The map below shows the Tiwanaku Empire bordering the south edge of the Wari Empire during the period 400-1000 CE. Any difference in longevity is not known to have strategic significance, and was most likely related to slight territorial differences in the Big Drought and their differing agricultural methods.
The Tiwanaku and Wari Empires shared these features:
- large capital cities;
- monumental architecture;
- large populations;
- government warehousing of food surpluses;
- vertical empires, able to manage separated regions;
- accepted discontinuities in sovereignty, didn’t need to own all roads;
- colonies on eastern and western slopes of the Andes;
- foods: maize, chili peppers, seafood, cocoa;
- hallucinogenic drugs;
- llama caravans for long-distance trading;
The Empires differed in these features:
Tiwanaku People Group. The people of Tiwanaku spoke the extinct Puquina language, once the common language of the Altiplano. However, the Altiplano has since been occupied by the Aymara people for the past 800 years, and they speak the Aymara language. The Aymara displaced the earlier Uru people around Lake Titicaca; these spoke yet another language: Uru.
Inca People Group. The Inca are one of the Quechua people groups who still speak the Quechua language, so it’s a safe bet that’s what they spoke when the Spanish arrived, at the peak of their surrendered Inca Empire. Today 4.4 million Quechua speakers live in Peru, 1.6 million in Bolivia, 2.2 million in Ecuador, which is no clue as to the Inca heartland, assuming their short-lived empire stranded its people in the conquered places, when the Spanish Conquistadores seized control and disallowed freedom of travel back to their original homelands. Given the language difference, I drop my hypothesis that the Inca had important roots in the Tiwanaku culture. Nonetheless, the fact that the Inca Empire spread throughout the heights of the Andes suggests their people came from those highlands–and were adept at exerting high physical performance at all altitudes.Below is a map of the expansion of their Empire.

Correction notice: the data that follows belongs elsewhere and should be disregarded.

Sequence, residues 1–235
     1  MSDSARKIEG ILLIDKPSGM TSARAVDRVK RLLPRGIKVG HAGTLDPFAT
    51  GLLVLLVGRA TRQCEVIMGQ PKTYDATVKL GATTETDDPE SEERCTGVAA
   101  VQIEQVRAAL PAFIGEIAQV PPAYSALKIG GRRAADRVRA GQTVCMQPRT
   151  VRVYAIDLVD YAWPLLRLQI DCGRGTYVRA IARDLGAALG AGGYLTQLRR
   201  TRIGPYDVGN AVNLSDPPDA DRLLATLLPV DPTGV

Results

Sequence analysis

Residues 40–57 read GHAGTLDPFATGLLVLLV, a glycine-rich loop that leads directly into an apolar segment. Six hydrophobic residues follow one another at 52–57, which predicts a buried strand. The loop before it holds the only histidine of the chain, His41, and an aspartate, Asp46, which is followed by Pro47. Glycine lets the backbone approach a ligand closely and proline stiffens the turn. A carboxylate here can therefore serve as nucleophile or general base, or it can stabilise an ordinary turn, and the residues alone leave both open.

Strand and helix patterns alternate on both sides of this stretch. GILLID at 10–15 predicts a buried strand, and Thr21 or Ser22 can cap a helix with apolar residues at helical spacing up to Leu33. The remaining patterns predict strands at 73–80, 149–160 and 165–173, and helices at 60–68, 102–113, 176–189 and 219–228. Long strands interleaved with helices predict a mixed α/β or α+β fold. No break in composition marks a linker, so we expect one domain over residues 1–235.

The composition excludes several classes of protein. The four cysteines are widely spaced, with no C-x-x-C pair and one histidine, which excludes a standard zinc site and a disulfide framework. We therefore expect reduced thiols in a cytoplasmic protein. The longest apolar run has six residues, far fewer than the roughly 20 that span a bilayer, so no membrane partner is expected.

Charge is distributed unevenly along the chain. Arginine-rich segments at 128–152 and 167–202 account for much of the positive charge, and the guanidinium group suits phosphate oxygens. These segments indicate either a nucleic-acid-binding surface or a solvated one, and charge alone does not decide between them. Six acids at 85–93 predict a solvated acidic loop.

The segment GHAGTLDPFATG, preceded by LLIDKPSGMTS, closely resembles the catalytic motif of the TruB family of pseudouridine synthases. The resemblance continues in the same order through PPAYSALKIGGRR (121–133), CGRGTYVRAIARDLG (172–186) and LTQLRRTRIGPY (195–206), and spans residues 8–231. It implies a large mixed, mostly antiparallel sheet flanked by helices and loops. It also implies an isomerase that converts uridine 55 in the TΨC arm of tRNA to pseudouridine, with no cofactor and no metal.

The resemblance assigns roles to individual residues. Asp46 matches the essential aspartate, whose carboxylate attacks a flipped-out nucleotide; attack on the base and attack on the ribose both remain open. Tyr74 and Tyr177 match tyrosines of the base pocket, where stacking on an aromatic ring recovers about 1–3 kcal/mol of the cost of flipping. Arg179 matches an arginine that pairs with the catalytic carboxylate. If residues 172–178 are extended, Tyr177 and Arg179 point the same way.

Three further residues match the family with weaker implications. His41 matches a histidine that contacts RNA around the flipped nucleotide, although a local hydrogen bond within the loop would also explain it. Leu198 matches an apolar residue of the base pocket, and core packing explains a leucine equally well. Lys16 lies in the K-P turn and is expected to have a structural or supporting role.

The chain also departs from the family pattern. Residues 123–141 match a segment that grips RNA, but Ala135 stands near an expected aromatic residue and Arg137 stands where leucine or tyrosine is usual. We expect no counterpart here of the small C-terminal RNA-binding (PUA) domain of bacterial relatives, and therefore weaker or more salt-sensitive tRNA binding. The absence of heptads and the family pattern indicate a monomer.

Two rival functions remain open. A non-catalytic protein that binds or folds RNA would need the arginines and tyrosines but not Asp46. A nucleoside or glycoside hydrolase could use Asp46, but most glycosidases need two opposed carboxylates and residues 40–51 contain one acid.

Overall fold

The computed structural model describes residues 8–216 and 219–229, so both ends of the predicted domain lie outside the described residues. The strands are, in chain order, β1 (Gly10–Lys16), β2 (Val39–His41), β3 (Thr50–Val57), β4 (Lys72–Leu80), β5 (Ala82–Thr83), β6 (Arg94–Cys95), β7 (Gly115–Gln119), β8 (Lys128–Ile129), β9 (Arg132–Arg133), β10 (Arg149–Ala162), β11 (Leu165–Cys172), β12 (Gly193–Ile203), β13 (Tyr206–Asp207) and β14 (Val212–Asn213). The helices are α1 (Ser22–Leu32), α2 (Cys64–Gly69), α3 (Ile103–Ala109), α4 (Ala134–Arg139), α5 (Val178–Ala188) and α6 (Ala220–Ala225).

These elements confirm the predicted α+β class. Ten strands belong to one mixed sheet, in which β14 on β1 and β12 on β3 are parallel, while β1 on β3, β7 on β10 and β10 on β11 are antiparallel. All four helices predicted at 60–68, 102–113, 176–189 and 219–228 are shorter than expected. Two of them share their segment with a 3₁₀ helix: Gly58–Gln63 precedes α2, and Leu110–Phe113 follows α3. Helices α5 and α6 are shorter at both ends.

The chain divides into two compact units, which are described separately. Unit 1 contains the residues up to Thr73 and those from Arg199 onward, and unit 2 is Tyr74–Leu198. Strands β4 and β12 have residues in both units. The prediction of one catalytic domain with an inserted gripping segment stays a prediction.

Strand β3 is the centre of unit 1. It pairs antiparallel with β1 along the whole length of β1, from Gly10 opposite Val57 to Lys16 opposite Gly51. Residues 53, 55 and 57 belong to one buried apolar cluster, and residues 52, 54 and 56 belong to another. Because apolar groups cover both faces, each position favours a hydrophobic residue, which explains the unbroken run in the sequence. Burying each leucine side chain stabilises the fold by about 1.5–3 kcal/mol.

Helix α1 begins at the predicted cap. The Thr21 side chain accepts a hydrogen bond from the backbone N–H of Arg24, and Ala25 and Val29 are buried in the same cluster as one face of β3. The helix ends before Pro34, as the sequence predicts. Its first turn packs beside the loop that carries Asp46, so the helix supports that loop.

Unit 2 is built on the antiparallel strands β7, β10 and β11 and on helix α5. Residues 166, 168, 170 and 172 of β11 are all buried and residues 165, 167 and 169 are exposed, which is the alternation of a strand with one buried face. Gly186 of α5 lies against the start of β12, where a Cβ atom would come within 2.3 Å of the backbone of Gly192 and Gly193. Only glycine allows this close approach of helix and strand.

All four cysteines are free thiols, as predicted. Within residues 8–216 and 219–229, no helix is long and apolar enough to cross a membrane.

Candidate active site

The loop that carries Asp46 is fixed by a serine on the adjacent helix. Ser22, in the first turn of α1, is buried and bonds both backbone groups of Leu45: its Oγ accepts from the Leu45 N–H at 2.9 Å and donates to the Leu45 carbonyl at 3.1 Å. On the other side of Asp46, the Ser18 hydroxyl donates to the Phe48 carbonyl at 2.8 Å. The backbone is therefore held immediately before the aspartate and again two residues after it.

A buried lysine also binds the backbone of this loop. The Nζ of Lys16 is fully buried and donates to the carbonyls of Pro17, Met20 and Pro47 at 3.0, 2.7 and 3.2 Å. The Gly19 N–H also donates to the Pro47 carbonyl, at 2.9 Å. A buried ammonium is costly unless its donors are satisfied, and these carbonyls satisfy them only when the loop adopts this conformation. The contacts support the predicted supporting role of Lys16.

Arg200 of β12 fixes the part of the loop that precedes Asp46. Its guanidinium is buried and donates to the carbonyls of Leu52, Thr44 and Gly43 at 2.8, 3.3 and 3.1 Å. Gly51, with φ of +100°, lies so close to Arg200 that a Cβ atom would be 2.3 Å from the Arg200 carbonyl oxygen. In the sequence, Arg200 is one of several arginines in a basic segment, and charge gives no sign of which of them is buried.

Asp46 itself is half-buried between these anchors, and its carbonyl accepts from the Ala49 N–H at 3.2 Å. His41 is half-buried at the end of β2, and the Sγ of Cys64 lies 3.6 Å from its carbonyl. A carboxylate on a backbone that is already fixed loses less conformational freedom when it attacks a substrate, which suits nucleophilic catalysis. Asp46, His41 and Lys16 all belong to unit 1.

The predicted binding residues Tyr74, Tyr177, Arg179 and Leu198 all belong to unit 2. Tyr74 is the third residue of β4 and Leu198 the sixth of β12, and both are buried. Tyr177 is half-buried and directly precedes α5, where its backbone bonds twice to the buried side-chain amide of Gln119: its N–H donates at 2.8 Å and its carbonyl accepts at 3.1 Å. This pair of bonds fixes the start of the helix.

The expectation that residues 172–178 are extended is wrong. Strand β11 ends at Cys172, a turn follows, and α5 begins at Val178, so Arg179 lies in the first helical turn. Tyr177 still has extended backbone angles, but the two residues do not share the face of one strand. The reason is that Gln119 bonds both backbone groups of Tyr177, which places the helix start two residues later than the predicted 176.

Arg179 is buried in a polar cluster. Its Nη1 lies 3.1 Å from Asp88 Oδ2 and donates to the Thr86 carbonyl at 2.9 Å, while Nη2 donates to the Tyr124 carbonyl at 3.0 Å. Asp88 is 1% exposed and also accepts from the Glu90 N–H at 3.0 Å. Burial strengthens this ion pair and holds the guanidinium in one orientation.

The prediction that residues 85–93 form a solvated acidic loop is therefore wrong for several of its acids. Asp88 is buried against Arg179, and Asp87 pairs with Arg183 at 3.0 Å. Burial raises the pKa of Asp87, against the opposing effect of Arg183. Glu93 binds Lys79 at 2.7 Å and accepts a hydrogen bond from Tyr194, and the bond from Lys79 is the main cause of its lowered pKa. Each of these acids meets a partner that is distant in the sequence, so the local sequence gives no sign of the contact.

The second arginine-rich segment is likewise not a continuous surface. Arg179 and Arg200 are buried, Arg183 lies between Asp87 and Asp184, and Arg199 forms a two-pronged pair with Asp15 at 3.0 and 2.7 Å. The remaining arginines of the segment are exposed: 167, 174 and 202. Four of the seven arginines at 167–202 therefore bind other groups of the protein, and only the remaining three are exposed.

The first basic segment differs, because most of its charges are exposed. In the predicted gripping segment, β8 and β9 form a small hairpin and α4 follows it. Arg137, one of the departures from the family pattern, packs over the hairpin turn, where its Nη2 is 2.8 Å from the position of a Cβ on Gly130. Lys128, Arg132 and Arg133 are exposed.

The Inca are a dead end, as are the Aztec, and all their predecessors. The worship of demons and concomitant presence of widespread human sacrifice among their coastal predecessors leaves little room for sympathy for the Inca’s fall. One cannot help thinking the world’s a better place having stripped the Aztec and Inca of the power to continue their evils into today’s already tortured world. But, I’m wrong to think like that.
As we previously observed, the Dynastic Sumerians and 1st Dynasty Egyptians were equally contemptuous of human life. And so were their contemporary Asian, Eurasian, and Europeans. In fact, it’s difficult to find a civilization that, once truly understood, does not look more like hell than heaven. More people were killed by violence in the 20th century than in all prior centuries combined. Which affirms that all mankind is seeped in evil, and powerless to redeem itself. So, it’s fair for you to ask, “O.K. Burke. So, where can we find hope?” To which I answer, “Knock on that door, and it will open to you.”
Thanks for visiting,
R. E. J. Burke